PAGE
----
• A statement that the request conforms with the laws and administrative practices of the requesting party.
  • A statement that the requesting party has pursued all means available in its own country to obtain the information.

The relevant authority is required to acknowledge receipt of the request to the competent authority of the other country and must use its best endeavours to obtain the requested information as quickly as possible.

The agreement also envisages the conducting of tax examinations abroad whereby the revenue authority of one country may enter the other country to interview individuals and examine records with the prior consent of the individuals or other persons concerned. Article 5 also allows for the competent authority of the requesting party to permit representatives of the competent authority of the requesting party to attend a tax examination in the territory of the requested party.

It is possible that a request for information may be declined where the request does not comply with the agreement or where the requesting country has not exhausted all means available in its own country to obtain the information or alternatively where the disclosure of information requested will be contrary to the public policy of the requested party.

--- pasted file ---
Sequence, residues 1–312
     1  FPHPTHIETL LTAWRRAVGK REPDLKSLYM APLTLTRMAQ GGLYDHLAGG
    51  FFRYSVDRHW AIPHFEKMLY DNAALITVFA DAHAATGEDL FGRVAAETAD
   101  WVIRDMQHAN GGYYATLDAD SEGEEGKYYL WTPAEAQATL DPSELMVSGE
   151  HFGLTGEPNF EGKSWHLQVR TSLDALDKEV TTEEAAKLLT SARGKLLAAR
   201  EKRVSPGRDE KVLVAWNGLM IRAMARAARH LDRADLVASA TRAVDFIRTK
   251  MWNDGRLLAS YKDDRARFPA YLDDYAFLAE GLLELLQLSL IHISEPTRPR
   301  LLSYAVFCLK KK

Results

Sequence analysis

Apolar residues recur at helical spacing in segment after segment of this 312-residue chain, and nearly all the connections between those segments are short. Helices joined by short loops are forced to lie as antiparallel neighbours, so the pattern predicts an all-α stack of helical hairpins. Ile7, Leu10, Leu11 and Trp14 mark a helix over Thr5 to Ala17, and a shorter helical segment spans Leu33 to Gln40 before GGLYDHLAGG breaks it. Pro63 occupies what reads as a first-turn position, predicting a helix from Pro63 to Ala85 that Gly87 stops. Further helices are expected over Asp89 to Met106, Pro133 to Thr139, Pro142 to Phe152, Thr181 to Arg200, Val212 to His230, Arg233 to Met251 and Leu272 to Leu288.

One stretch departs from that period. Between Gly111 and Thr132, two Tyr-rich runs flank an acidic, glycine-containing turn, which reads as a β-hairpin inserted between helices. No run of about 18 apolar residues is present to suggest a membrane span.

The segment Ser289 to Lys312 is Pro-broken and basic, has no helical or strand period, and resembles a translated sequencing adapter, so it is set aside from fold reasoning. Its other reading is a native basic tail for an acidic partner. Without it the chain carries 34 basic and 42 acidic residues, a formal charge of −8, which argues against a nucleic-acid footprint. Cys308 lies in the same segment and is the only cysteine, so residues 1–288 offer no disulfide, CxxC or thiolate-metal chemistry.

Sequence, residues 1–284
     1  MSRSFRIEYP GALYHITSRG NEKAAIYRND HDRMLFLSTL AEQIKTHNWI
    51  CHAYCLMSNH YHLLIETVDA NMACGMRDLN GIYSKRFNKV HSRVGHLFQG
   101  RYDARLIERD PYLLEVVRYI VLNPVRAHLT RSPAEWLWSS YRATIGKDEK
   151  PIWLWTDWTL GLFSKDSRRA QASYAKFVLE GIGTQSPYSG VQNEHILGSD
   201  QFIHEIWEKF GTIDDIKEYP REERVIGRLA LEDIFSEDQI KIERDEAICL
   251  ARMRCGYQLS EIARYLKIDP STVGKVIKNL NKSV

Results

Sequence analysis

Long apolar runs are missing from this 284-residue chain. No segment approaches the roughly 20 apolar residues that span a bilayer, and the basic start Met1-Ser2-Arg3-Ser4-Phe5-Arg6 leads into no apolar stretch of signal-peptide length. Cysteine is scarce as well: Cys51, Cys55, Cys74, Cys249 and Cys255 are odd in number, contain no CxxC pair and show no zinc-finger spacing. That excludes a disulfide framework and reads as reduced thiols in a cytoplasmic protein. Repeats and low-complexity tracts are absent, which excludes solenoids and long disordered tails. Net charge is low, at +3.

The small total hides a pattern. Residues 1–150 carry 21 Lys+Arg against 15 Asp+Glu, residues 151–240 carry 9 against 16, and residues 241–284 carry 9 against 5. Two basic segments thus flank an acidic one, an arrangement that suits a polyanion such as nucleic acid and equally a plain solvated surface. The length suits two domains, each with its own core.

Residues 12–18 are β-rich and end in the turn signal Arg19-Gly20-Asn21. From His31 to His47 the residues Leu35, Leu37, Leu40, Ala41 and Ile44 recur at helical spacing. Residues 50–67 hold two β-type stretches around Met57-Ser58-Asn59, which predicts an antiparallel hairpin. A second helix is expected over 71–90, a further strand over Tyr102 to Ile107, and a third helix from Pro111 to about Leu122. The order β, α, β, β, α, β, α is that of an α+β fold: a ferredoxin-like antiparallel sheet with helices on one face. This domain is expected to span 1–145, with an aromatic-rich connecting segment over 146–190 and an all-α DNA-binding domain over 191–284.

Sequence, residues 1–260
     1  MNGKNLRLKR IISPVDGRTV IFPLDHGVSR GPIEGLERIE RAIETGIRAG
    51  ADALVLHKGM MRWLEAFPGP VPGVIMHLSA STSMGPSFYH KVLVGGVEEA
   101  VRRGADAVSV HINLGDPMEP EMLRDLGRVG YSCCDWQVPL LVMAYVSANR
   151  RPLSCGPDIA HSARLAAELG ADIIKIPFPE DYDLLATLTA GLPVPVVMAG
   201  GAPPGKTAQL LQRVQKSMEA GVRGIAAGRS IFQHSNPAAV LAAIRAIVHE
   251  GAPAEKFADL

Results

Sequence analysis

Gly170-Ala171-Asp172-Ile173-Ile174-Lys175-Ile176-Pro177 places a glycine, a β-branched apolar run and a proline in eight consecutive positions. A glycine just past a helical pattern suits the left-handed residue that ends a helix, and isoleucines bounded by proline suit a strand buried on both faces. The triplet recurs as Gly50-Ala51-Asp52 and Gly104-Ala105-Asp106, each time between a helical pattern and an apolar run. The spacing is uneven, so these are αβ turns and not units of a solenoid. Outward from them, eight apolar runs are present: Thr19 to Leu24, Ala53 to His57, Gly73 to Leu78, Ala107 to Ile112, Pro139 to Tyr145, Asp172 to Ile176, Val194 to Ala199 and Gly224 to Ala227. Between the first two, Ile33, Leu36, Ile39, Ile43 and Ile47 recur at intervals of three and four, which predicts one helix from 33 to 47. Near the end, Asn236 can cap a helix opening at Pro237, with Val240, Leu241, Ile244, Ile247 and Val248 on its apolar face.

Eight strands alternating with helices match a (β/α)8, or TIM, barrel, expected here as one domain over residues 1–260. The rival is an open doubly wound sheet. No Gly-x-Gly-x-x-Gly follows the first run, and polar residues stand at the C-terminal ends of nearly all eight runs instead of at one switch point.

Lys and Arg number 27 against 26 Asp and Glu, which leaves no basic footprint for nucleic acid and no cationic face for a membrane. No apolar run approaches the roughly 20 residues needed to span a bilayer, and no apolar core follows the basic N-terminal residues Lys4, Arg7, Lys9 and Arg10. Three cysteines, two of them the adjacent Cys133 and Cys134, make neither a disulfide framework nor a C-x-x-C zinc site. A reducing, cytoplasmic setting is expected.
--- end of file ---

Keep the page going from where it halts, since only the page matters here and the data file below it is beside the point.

The agreement recognises information subject to legal privilege and also seeks to protect trade, business, industrial, commercial or professional secrets or trade processes and in such cases the request for information in this regard may be declined. The fact that a taxpayer is disputing an amount of tax does not prevent the tax authority requesting information from the other country.